How I Convinced My Family to Stop Exchanging Presents (And You Can Too!)

Gift giving is stressful, wasteful, and a horribly inefficient way to transfer resources from one person to another — so we should all do away with the practice. Now that I’ve caught your attention and solidified my reputation as a Grinch, let me explain where I’m coming from.

First: I like giving the occasional gift, but I’m not crazy about receiving them. As a lifelong minimalist who lives in a small one-bedroom apartment with another human, I am pretty choosy about the things I let into our space. Second: I’m annoyingly particular about most of the things I purchase for myself. I want to read reviews, evaluate the usefulness and practicality of an item, and figure out what I’m going to get rid of in order to house the new object. We have a fairly strict one-in, one-out policy in our household in order to keep the amount of stuff in it under control. Given this framework, I’m a nightmare to buy gifts for, and I fully realize this about myself. My husband, who is perhaps even more of a minimalist than I am, dislikes both receiving and procuring gifts. So about five years ago, after a particularly disastrous gift debacle in which I had to make not one, not two, but three separate trips to a far-away L.L. Bean in an incident we now refer to as “Coatgate 2013,” I launched a campaign among my family, friends, and coworkers with the goal of getting everyone to stop giving and expecting gifts, at least as far as my husband and I are concerned.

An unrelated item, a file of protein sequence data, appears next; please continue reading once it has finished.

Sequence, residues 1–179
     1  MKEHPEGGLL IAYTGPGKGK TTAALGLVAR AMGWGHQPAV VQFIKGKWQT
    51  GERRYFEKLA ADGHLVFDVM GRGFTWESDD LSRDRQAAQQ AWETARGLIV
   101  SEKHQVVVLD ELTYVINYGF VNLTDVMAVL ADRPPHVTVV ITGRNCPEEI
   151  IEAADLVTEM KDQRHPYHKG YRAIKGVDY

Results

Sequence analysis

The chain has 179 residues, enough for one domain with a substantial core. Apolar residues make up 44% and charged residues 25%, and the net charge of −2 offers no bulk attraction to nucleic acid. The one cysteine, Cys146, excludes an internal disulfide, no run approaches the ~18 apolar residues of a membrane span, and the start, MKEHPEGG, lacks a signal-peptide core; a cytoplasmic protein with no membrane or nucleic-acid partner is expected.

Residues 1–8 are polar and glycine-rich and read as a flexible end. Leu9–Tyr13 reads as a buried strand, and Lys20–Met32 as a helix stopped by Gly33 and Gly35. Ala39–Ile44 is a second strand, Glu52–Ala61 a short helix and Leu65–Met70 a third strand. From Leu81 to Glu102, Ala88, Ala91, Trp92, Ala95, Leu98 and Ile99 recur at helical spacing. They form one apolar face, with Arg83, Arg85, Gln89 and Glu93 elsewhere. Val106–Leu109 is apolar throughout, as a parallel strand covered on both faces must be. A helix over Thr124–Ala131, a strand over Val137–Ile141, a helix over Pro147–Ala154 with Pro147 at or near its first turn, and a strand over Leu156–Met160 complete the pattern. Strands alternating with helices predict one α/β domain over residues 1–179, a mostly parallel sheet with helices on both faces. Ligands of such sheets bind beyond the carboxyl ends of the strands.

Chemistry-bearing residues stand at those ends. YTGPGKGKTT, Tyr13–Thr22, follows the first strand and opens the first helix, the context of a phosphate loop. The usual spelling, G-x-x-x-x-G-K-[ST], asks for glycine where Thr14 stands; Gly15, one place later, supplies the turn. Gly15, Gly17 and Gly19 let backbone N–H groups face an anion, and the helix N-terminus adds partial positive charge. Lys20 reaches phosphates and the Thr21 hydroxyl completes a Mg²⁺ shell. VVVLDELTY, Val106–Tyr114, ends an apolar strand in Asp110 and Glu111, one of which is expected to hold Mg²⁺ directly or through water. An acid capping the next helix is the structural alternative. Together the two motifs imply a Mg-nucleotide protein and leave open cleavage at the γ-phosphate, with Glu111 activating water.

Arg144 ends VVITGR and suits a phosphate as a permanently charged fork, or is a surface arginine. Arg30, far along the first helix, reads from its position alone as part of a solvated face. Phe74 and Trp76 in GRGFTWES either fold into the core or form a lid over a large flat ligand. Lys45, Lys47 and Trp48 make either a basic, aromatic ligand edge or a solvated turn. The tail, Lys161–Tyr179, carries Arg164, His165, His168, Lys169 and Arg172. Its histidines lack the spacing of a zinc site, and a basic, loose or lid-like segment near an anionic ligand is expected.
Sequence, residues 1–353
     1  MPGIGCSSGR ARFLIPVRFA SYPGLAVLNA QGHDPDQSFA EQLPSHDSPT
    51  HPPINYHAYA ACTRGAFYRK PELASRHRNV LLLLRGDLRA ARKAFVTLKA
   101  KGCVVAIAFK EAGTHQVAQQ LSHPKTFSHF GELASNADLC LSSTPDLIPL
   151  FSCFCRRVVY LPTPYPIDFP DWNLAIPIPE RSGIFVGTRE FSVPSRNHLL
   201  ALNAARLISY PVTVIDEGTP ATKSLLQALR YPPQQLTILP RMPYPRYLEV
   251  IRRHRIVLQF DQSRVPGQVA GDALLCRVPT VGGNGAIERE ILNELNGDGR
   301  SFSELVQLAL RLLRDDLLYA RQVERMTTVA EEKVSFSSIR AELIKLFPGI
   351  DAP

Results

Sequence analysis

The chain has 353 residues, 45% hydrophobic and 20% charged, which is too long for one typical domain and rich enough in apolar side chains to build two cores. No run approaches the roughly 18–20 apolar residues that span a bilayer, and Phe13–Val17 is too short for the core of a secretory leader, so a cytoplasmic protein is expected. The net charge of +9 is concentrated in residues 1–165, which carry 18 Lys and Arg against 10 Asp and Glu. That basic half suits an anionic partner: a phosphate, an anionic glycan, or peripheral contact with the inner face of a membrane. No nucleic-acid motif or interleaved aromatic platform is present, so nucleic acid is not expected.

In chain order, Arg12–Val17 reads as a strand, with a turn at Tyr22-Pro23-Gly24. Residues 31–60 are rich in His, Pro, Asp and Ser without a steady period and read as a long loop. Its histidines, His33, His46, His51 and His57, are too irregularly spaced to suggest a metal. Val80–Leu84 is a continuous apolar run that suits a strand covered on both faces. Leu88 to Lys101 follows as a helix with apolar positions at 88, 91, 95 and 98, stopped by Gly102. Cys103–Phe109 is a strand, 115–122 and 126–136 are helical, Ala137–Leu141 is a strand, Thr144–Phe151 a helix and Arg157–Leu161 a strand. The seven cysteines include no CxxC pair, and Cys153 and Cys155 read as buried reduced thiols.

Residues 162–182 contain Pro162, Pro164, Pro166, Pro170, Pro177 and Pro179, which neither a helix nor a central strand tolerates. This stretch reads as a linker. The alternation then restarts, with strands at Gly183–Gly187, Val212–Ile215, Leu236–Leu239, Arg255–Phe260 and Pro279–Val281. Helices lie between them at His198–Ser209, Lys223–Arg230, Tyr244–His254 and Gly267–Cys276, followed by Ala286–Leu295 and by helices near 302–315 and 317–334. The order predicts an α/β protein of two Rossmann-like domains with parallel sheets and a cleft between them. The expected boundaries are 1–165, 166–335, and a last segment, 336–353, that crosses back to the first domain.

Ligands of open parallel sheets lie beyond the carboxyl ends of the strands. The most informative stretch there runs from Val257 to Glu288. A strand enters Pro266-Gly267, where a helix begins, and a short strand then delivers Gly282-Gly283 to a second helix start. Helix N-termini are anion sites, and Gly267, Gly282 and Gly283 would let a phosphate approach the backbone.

My sister was my first target, and she was the easiest to convince. Sometimes she randomly sends me a book she’s read that she liked, and when I visit her we go out for a fun brunch, but other than that we have agreed not to give each other any gifts, for any event, period. It doesn’t mean we don’t love each other, it doesn’t mean that we are misers, it just means that we understand the other person doesn’t expect or want any unnecessary object on an arbitrarily-determined day. Easy peasy.

My parents, who are wonderfully generous people, were a little harder to convince. We correspond often over email, and I began by casually sending them links to relevant articles — about minimalism, clutter, how millennials are killing the dining room table industry, and Swedish Death Cleaning. I passed onto my mom my copy of Marie Kondo’s The Life-Changing Magic of Tidying Up. Every time it came up naturally in conversation, I mentioned that my husband and I weren’t exchanging presents for whatever holiday, birthday, or anniversary was next on the calendar because we had enough stuff and not very much room. We started giving my parents experiences for presents, such as concert tickets or spots on a food-themed walking tour of their town. Finally, we just told them outright to please stop buying us gifts. They could pick up the tab for dinner when we were in town visiting, or contribute to the cost of our airfare on occasion if they wanted, but we didn’t want any more stuff from them, please and thank you. Perhaps because we’d been laying the groundwork for a while, they were surprisingly amenable to this request.